TRIX Momentum Oscillator displays the percent rate of change of a Triple Exponentially Smoothed Moving Average – we just can’t seem to get rid of moving averages in Indicators. They are the most fundamental of all the indicators. Read about Moving Averages in detail, if you haven’t.

Jack Hutson introduced TRIX to the world of trading. Just like a moving average, TRIX filters out the noise and insignificant price movements in its own way. 

Let’s quickly look at the math behind TRIX:

Step 1: Find the single smoothed EMA= 15-period EMA of the closing price

Step 2: Find the double smoothed EMA = 15-period EMA of Single-Smoothed EMA

Step 3: Find the triple smoothed EMA = 15-period EMA of Double-Smoothed EMA

Step 4: TRIX = 1-period percent change in Triple-Smoothed EMA


TRIX helps us identify the Oversold and Overbought market conditions. It is a powerful oscillator and moves around a ‘zero’ line. When it is above the zero line, it means the market is overbought and when it is below the zero line, it means the market is oversold. TRIX (15,9) is quite similar to MACD (12,26,9). Both are momentum oscillators that fluctuate above and below the zero line. Both have signal lines based on a 9-day EMA. Most notably, both lines have similar shapes, signal line crossovers, and centerline crosses. The biggest difference between TRIX and MACD is that TRIX is the smoother of the two; TRIX lines are less jagged and tend to turn a bit later.

Buy Signal: When TRIX crosses above the Zero Line

Sell Signal: When TRIX crosses below the Zero Line

Think of the Zero Line as the 50-yard line of the football court. The offense has the edge after crossing the 50 (midpoint), while the defense has the edge as long as the ball remains beyond the 50. As with signal line crossovers, these centerline crossovers produce both good signals and bad signals. The key, as always, is to minimize losses on the bad signals and maximize gains with the good signals. For this, we need to combine the signal given by TRIX with signals of complementary indicators. We can also use Support and Resistance lines and wait for a subsequent Support or Resistance breakout.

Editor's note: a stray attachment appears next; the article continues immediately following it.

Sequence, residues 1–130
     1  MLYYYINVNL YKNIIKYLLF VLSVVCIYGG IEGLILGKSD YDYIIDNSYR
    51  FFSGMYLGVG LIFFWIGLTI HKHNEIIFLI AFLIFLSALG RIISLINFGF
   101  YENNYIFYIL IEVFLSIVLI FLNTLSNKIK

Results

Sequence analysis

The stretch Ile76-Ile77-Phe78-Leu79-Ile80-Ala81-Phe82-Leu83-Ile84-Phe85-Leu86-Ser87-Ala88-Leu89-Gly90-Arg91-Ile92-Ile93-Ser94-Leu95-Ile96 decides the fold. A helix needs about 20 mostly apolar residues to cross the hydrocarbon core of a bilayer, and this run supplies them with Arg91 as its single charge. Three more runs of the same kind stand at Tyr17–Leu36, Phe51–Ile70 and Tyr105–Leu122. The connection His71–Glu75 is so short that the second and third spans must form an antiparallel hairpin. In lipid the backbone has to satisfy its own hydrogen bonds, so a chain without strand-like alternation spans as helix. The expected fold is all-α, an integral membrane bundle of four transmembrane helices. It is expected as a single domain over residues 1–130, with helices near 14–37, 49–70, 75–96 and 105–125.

It should be noted that zero-line crossovers can last a few days or a few weeks, depending on the strength of the move. Due diligence is required before relying on these frequent signals. Volatility in the market and stocks can also increase the number of crossovers.

The major advantage of TRIX filtering out the market noise gives it the tendency to be leading in nature (rather than lagging). It measures the difference between each bar’s “smoothed” version of the price information. If you’re comfortable using TRIX, you may find yourself avoiding the short-term market cycles and temporary shifts in market direction.

We also need to keep one thing in mind about any moving average-related indicators: the shorter the time frame, the more accurate the indicator will signal the price move. Just like using two different moving averages (a crossover) for identifying entry and exit signals, using two different periods for TRIX might prove to be very helpful, too. 


Divergences occur when the price movement and the indicator do NOT confirm with one another. In every scenario, there are two types of divergences:

A Bullish Divergence forms when the stock makes a lower low, but the indicator forms a higher low. This higher low shows less downside momentum that may foreshadow a bullish reversal. This situation doesn’t work well with strong downtrends. The price seems to be gaining momentum as the indicator produces higher lows. But the momentum still has a bearish bias as long a the TRIX is below the centerline. The fall is just ‘not as fast as before.’

A Bearish Divergence forms when the stock makes a higher low, but the indicator forms a lower high. This lower high shows waning upside momentum that can sometimes foreshadow a bearish reversal. This situation doesn’t work well with strong uptrends. The price seems to be losing momentum as the indicator produces lower highs. But the momentum still has a bullish bias as long a the TRIX is above the centerline. The rise is just ‘not as fast as before.’ 

Therefore, you need to keep these divergences in mind and really confirm the direction of the trend before entering or exiting a trade. You should use it in tandem with other aspects of technical analysis, such as chart patterns.

A combination of trend and momentum. TRIX definitely has a lot to offer to anyone using it. 

Happy Trading 😊